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Christopher McDonell
Re: Improving the Graphics/Text of an old Interlaced Video - FCP 6
on Jan 4, 2014 at 6:11:25 am

The way I see it, I can either change the timeline to progressive and de-interlace via FCP that way. Or I can roundtrip what needs to be interlaced using Compressor. Does that make sense? In truth, I haven't done any tests yet because since I revisited this video, I've decided to clean a few things up. But from what I've read, Compressor is a far better tool for de-interlacing. I recently used it on another project and was actually pretty surprised with the results. Far better than how it looked in FCP in fact. So, to clarify, I've isolated all my graphics and text on specific layers. That way I can disable those layers in FCP, either by clicking the green button and making them invisible or disabling them by selecting Modify/Clip Enable. When I'm ready, I can then send the interlaced footage (minus graphics and text) to Compressor, change my FCP timeline to ProRes - progressive/no fields - and then bring the transcoded footage back (replacing that which was interlaced) and sync it up. Then, point 5, enable the disabled graphics/text clips (or make them visible), and RENDER ALL. Unless someone gives me a better idea (and no, I'm not trying to upres to HD)… that's my plan. ;)

[Robert Withers] "Christopher, could you clarify something about your proposed process?
1) disable layers with text and graphics
2) send sequence to compressor and transcode to ProRes 422 using the de-interlacing filter with frame control settings
3) change fcp timeline settings to ProRes 422 progressive
4) import the de-interlaced video file and replace the old
5) render titles and graphics over the new footage and voila!

I don't understand 1) and 5). Do you mean leave the text and graphics interlaced? Are they in something like AE and not the FCP timeline? By what process do you "render them over the new footage"? Is text created in an interlaced FCP timeline not really interlaced?
Thanks,
Robert"


To my knowledge, anything added to an interlaced timeline in FCP 6 gets interlaced in the process – text and graphics. So in DV NTSC, de-interlacing is essentially cutting 480 vertical lines down to 240 – not very pretty! – and then doubling them. As a result, text look even jaggier and rolling credits not so smooth.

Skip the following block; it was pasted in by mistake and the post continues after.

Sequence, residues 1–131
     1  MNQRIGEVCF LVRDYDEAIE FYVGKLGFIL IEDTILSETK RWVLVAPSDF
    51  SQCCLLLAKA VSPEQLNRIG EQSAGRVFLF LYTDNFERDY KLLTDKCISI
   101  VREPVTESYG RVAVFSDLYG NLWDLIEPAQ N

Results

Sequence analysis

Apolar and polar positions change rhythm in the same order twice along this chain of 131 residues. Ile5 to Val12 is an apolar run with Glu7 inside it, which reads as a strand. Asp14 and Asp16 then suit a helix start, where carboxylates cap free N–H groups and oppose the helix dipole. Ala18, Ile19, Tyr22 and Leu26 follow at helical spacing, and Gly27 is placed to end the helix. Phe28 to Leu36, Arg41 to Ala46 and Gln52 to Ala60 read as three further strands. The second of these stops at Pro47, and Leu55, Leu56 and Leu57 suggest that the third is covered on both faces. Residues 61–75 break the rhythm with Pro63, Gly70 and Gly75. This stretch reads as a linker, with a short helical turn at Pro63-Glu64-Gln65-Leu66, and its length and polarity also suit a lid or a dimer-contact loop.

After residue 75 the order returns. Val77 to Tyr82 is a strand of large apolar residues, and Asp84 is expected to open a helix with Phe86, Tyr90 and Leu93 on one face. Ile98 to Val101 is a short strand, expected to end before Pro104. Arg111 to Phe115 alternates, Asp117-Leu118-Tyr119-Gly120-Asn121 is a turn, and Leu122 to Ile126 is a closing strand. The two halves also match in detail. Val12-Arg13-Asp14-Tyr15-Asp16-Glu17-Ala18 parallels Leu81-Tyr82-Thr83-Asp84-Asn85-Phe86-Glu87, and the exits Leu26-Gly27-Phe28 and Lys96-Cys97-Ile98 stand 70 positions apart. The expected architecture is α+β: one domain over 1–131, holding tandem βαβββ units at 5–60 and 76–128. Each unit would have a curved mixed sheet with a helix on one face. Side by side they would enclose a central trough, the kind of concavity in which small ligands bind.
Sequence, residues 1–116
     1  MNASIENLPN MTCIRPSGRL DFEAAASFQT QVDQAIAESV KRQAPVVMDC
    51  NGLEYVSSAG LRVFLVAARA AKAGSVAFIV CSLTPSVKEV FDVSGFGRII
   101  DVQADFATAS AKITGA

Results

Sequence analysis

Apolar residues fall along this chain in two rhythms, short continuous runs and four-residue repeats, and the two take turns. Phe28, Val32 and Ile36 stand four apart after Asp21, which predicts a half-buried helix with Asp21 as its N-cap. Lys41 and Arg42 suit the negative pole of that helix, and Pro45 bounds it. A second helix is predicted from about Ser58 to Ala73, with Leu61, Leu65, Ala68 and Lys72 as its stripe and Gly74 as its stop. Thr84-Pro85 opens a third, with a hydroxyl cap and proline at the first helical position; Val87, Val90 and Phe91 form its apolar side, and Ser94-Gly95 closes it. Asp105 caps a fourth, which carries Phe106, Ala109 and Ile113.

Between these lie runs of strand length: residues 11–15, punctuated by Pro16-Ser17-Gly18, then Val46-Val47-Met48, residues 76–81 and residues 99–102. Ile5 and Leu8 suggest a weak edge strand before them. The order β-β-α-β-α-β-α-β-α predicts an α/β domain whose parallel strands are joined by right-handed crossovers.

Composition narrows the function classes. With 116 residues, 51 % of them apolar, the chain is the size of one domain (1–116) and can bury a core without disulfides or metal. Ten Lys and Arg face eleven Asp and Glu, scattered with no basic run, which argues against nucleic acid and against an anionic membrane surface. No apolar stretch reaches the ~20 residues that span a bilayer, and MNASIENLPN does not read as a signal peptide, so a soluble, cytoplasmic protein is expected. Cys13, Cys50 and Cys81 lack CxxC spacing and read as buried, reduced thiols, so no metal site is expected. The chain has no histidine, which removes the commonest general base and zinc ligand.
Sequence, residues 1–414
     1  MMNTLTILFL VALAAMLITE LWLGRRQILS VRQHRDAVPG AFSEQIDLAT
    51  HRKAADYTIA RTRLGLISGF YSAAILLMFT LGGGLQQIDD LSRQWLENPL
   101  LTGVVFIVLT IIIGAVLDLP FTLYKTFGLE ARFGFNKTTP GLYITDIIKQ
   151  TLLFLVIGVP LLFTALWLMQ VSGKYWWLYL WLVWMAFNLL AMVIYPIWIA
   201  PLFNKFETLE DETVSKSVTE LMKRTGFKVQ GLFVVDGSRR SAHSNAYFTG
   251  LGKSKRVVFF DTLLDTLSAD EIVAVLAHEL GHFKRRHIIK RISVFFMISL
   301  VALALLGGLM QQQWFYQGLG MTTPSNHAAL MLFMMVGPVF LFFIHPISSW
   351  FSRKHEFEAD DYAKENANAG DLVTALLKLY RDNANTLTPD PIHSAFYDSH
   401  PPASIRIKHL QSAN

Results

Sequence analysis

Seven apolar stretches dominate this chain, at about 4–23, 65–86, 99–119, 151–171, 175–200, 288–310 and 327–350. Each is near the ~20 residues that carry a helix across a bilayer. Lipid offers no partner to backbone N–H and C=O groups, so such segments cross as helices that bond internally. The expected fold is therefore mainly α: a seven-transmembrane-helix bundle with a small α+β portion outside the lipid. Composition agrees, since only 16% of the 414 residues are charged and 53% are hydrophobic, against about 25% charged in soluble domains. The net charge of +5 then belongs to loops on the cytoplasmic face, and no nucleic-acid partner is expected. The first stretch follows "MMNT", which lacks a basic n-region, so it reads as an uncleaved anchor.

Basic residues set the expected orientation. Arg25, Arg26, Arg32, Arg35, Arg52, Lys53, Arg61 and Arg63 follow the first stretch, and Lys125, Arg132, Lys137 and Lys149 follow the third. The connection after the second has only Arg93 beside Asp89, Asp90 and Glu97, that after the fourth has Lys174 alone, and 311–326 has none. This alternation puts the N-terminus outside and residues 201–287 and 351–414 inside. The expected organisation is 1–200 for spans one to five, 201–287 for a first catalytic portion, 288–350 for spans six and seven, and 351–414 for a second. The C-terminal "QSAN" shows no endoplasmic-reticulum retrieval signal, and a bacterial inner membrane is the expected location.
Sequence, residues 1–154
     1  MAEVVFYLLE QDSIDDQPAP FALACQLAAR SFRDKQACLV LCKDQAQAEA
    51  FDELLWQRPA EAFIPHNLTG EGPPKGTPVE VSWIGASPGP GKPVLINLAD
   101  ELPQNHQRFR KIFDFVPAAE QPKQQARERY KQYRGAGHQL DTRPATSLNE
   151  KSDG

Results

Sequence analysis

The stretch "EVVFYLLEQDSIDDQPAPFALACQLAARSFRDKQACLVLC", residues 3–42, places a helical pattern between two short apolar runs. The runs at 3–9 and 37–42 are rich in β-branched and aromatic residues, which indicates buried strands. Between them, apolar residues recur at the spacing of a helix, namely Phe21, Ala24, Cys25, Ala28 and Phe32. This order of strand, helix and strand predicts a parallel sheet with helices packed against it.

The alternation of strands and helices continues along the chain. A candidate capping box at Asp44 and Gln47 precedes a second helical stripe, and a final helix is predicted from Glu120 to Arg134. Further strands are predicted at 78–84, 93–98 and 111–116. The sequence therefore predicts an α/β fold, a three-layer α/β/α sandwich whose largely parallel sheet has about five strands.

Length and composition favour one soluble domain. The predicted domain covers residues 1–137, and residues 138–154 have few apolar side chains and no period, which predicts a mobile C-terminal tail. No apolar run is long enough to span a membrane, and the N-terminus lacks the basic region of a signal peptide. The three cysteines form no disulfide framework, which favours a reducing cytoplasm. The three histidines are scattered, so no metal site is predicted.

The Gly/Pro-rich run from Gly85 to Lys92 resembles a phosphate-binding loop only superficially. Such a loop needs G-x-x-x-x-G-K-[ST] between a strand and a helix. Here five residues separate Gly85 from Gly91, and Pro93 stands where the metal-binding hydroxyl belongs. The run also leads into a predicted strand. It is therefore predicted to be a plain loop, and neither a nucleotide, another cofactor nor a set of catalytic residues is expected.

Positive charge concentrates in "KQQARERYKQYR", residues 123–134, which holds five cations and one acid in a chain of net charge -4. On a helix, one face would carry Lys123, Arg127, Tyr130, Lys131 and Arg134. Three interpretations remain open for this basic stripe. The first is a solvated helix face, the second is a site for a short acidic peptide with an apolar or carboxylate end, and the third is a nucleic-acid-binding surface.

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Christopher McDonell
Re: Improving the Graphics/Text of an old Interlaced Video - FCP 6
on Jan 22, 2014 at 9:55:53 pm

So I did what I proposed in the steps above and it worked perfectly.

I sent my interlaced SD footage to Compressor (without the graphics) and transcoded to ProRes 422 HQ with frame controls on, changing fields to none (de-interlacing, but not with the filter, set at best, best, better). I then changed my original timeline (a duplicate of it) to match: ProRess 422 Progressive. I replaced the interlaced footage with the new de-interlaced ProRes footage. Then enabled the graphics and titles (now in a progressive timeline). Rendered. And exported as mp4's for web.

I compared the final result with that of just de-interlacing everything (graphics included) and the difference is remarkably noticeable. It's noticeable in FCP too. Especially with floating text.


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Robert Withers
Re: Improving the Graphics/Text of an old Interlaced Video - FCP 6
on Jan 22, 2014 at 10:15:46 pm

Thanks, Christopher, I guess you mean noticeably better. Simply transcoding to ProRes 422 and setting fields to none is better than de-interlacing with the Compressor deinterlace function? Or just better than the deinterlace filter?

Robert Withers

Independent/personal/avant-garde cinema, New York City


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Christopher McDonell
Re: Improving the Graphics/Text of an old Interlaced Video - FCP 6
on Jan 22, 2014 at 10:22:48 pm

Hey Robert. Yes, noticeably better. As to your question, there doesn't seem to be a need to use the Compressor de-interlace filter when you can just set the fields to none by turning Frame Controls on. I'm sure someone else here knows better. But when I play the two videos side by side where one has graphics de-interlaced, and the other graphics progressive… huge difference.